Oh, no. No. . . .
The circuit breakers in MH-10 had been reset. They would now allow through their portal ten times the safe load.
If the Algonquin control center couldn't reduce the pressure of the voltage assaulting the substation soon, the lines and switchgear inside the place would allow through a lethally high flood of electricity. The substation would explode. But before that happened the juice would race through the distribution feeder lines into belowground transformer boxes throughout the blocks south of Lincoln Center and into the spot networks in office buildings and big high-rises. Some breakers would cut the circuit but some older transformers and service panels would just melt into a lump of conductive metal and let the current continue on its way, setting fires and exploding in arc flashes that could burn to death anybody near an appliance or wall outlet.
For the first time the supervisor thought: Terrorists. It's a terror attack. He shouted, "Call Homeland Security and the NYPD. And reset them, goddamn it. Reset the breakers."
"They're not responding. I'm locked out of MH-Ten."
"How can you be fucking locked out?"
"Is anybody inside? Jesus, if they are, get them out now!" Substations were unmanned, but workers occasionally went inside for routine maintenance and repairs.
The indicator bars were now into the red.
"Sir, should we shed load?"
Grinding his teeth, the supervisor was considering this. Also known as a rolling blackout, shedding load was an extreme measure in the power business. "Load" was the amount of juice that customers were using. Shedding was a manual, controlled shutdown of certain parts of the grid to prevent a larger crash of the system.
It was a power company's last resort in the battle to keep the grid up and would have disastrous consequences in the densely populated portion of Manhattan that was at risk. The damage to computers alone would be in the tens of millions, and it was possible that people would be injured or even lose their lives. Nine-one-one calls wouldn't get through. Ambulances and police cars would be stuck in traffic, with stoplights out. Elevators would be frozen. There'd be panic. Muggings and looting and rapes invariably rose during a blackout, even in daylight.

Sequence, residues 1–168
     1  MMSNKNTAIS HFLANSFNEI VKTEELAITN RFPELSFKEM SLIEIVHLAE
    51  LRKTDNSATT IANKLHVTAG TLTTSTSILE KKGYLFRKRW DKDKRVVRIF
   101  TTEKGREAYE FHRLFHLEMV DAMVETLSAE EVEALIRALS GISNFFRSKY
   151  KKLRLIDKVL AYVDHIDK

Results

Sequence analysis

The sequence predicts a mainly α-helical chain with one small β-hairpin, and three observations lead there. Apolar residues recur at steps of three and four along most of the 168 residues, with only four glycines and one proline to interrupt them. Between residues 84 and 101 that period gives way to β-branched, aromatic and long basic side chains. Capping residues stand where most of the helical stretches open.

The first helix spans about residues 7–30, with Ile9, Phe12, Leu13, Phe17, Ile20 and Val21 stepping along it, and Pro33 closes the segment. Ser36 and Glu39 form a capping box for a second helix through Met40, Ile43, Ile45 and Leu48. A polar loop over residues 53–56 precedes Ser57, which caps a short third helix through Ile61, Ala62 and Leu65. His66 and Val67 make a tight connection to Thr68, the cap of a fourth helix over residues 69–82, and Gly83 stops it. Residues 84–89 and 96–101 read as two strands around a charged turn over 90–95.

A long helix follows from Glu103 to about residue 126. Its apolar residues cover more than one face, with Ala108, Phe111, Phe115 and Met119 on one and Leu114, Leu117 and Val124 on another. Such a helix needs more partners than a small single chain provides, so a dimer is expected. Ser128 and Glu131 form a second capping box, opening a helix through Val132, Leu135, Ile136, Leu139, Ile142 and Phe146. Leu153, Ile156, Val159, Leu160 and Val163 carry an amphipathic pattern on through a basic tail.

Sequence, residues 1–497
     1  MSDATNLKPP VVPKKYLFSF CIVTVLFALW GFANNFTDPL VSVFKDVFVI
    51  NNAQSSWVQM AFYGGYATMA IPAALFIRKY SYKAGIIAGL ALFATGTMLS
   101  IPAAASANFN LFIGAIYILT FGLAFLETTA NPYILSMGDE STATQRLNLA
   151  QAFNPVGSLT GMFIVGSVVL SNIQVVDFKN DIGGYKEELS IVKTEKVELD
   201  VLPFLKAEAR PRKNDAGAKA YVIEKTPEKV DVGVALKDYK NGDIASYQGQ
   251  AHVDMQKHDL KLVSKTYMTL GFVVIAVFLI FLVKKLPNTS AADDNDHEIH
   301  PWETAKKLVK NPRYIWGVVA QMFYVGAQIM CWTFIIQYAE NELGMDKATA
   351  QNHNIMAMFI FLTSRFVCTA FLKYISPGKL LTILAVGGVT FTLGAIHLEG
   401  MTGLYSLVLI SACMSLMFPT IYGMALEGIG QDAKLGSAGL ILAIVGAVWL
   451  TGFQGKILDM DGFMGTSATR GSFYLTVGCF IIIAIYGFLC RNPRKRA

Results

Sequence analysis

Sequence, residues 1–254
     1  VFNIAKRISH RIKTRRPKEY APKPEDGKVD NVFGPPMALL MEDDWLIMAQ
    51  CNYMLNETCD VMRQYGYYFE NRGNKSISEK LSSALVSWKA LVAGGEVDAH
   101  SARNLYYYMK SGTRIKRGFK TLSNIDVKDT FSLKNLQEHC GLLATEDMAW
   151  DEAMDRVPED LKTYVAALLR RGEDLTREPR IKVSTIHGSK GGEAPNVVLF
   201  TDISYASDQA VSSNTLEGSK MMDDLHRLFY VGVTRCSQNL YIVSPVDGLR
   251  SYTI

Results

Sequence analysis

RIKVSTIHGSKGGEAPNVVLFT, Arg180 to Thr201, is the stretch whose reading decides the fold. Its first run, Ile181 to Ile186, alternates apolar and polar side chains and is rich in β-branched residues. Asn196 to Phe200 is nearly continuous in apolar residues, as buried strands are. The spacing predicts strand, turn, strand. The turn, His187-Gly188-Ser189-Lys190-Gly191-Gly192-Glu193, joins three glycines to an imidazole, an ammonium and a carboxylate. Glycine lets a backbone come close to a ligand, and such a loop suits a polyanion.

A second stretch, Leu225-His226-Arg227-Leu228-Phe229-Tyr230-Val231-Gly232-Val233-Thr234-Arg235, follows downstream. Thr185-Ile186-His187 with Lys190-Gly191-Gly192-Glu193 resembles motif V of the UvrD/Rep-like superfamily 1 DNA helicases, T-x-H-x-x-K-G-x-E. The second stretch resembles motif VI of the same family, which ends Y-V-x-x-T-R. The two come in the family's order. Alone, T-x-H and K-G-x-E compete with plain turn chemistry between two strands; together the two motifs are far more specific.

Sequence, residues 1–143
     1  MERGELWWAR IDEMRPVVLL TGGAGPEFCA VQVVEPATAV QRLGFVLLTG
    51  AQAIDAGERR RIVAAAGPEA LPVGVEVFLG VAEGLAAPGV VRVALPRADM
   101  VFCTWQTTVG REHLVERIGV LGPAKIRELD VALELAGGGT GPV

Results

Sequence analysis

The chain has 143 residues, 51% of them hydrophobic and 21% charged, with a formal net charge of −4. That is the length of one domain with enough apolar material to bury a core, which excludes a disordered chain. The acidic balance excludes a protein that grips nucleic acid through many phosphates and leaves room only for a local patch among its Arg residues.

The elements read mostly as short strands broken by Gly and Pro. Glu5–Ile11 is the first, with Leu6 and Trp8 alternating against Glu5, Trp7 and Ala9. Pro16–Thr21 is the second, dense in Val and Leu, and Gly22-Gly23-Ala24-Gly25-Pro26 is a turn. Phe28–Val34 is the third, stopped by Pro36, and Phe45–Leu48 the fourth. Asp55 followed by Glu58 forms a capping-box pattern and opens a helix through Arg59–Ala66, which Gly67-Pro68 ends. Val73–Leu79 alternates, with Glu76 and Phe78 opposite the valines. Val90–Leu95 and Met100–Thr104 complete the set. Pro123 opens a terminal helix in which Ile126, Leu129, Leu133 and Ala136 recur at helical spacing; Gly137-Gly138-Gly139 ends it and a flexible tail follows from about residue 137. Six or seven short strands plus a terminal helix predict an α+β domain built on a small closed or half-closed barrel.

Electricity keeps people honest.
"Sir?" the technician asked desperately.
The supervisor stared at the moving voltage indicator bars. He grabbed his own phone and called his superior, a senior vice president at Algonquin. "Herb, we have a situation." He briefed the man.
"How'd this happen?"
"We don't know. I'm thinking terrorists."
"God. You called Homeland Security?"
"Yeah, just now. Mostly we're trying to get more power into the affected areas. We're not having much luck."
He watched the indicator bars continue to rise through the red.
The vice president asked, "Okay. Recommendations?"
"We don't have much choice. Shed load."
"A good chunk of the city'll go black for at least a day."
"But I don't see any other options. With that much juice flowing in, the station'll blow if we don't do something."
His boss thought for a moment. "There's a second transmission line running through Manhattan-Ten, right?"
The supervisor looked up at the board. A high-voltage cable went through the substation and headed west to deliver juice to parts of New Jersey. "Yes, but it's not online. It's just running through a duct there."
"But could you splice into it and use that for supply to the diverted lines?"
"Manually? . . . I suppose, but . . . but that would mean getting people inside MH-Ten. And if we can't hold the juice back until they're finished, it'll flash. That'll kill 'em all. Or give 'em third-degrees over their entire bodies."
A pause. "Hold on. I'm calling Jessen."
Algonquin Consolidated's CEO. Also known, privately, as "The All-Powerful."
As he waited, the supervisor stared at the techs surrounding him. He kept staring at the board too. The glowing red dots.
Critical failure . . .
Finally the supervisor's boss came back on. His voice cracked. He cleared his throat and after a moment said, "You're supposed to send some people in. Manually splice into the line."
"That's what Jessen said?"
Another pause. "Yes."
The supervisor whispered, "I can't order anybody in there. It's suicide."
"Then find some volunteers. Jessen said you are not, understand me, not to shed load under any circumstances."
© 2010 Jeffery Deaver